Explore the hills and mountains of Croatia's southern Adriatic islands from the comfort of your computer, tablet or smart phone with these virtual reality tour following routes to the summit the region's HPOs and a few other historical landmarks.
These tour are supported by most modern browsers including those on tablets and mobile phones. When viewed on mobile phones equipped with the appropriate gyros, these tours are also compatible with Google Cardboard VR, and other mobile phone headsets.
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HPO 16.7 Sveti Duh, Hum, on Vis Island
Start from Komiža Harbour
Start from Church of Sveti Nikola
Start from Chapel of Sveti Duh
Start from Tito's Cave.
HPOs of the Adriatic Islands (Southern):
Šćah on Ugljan
Veliki Bokolj on Pašman
Orljak on Dugi
Vela straža on Šolta
Vidova gora on Brač
Sv. Nikola on Hvar
Sveti Duh, Hum on Vis
Kom on Korčula
Sozanj on Lastovo
Velji grad on Mljet
Vis Island - Sveti Duh and the spiders of Hum.:
My wife holds fond memories of a school trip to the Island of Vis and had for many years been keen to take us their too. In spring 2018 we booked the Jadrolinija ferry from Split and an apartment for four nights in the town of Komiža.
Komiža harbour, Vis
Vis is the farthest inhabited island off the Croatian mainland and has long had military significance. Indeed, from the 1950s until 1989 no foreign visitors were permitted. The old Yugoslav army base upon the summit of Hum, the island's highest point at 587m, remains off limits, and so the Croatia Mountaineering Society placed HPO 16.7 outside the nearby chapel of Sveti Duh. The name translates to "the Holy Spirit".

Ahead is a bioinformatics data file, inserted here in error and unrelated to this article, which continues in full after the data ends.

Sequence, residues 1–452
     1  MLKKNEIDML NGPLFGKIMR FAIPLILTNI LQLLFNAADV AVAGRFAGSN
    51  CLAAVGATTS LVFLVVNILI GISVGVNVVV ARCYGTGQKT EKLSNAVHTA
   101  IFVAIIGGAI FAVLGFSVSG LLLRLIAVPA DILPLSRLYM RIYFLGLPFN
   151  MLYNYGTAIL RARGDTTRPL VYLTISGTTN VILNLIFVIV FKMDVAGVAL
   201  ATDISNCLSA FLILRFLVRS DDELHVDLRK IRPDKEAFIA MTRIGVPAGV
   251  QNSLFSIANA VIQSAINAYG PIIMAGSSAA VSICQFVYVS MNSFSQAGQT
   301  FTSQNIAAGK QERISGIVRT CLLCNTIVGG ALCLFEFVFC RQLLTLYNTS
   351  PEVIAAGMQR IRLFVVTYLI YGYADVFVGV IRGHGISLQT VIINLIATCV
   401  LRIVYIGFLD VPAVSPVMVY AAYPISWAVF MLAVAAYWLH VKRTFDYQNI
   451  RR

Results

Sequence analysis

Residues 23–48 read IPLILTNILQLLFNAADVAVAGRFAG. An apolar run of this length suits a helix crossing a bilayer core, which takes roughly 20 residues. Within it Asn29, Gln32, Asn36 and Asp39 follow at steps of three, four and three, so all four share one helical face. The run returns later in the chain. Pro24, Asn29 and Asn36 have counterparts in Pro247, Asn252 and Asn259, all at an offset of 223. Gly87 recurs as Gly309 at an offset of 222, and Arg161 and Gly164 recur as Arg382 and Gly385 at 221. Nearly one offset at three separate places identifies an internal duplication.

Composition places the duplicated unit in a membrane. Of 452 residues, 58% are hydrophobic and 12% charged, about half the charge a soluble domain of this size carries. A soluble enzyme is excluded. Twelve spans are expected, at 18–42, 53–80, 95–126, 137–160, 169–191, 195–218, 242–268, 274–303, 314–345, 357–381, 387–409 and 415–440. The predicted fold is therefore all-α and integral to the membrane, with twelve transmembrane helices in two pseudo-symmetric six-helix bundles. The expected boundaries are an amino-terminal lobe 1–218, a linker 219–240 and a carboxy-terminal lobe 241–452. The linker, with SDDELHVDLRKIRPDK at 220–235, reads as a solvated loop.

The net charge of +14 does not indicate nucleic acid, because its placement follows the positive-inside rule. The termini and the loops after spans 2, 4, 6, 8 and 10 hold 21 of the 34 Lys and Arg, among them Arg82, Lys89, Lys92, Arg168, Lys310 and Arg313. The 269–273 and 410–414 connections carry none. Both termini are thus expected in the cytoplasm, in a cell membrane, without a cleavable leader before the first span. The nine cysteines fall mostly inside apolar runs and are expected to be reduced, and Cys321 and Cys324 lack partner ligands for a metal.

Three days into our stay on the island, my wife and eldest son went scuba diving, and thus came the opportunity for my youngest and I to explore the island's baked interior. We set off with plentiful water supplies following Ulica Dr. Anta Starčevića out of the Komiža, and a short while after began following the well-marked, if sometimes over grown path, between the folds of Hum's eastern flank. It was hot. Very hot. We slowed the ascent and took brief rests in whatever shade we could, noting as we did so the increasingly frequent trampoline like structures in the undergrowth. Trampolines of web that folded into tubes, funnels to be more precise. My mind conjured up uncertain images of the notorious funnel web spider. Were their bites not poisonous? Looking skyward one could also see webs strung between the trees, their arachnid builders waiting patiently in their centres.
As the path zig-zagged towards a pass below the military base, the view opened and within a short time we arrived at the stone chapel of Sveti Duh. We stamped our log books using the metal die cemented into the low wall outside the chapel and ate lunch in the shade at it's rear. Here we enjoying the view of Komiža, the sea, and further islands before setting off again once more under the backing sun.
Rather than retrace our steps, our plan was to make a loop, visiting the caves were Marshal Tito, (the partisan resistance leader) had a secret base during the second world war, and then heading northwards to the main road that links Komiža and the Vis (the town) and thus bisecting the island, before heading westward and with a twisting descent back to our holiday apartment.
Marshal Tito's Cave, Vis.
At Tito's caves we met the only other people on our walk thus far. A German tourist group who had approached the historic site by minibus and rather burst our bubble on telling us that there was no roadside cafe at which we could purchase a chilled drink.
Funnel webs, the spiders of Hum.
It was on leaving Tito's caves and heading north that we were transported to the Mirkwood of Tolkien's Middle-earth. The spider's web cloaked the path on either side, often leaving across it. The pace slowed as every few steps required clearing the way of the sticky strands and their owners. With some relieve we arrived on the main road, the 6212, that bisects the island linking Komiža with the capital city Vis. A short but thirsty walk up hill along the 6212 brought us to a wonderful view point over looking Komiska Bay, and the island of Biševo beyond. The road here flows downhill in a series of serpentine bends into town. Our route followed older, more direct tracks.
The photos for the tour were taken on a Ricoh Theta S 360 degree panoramic camera.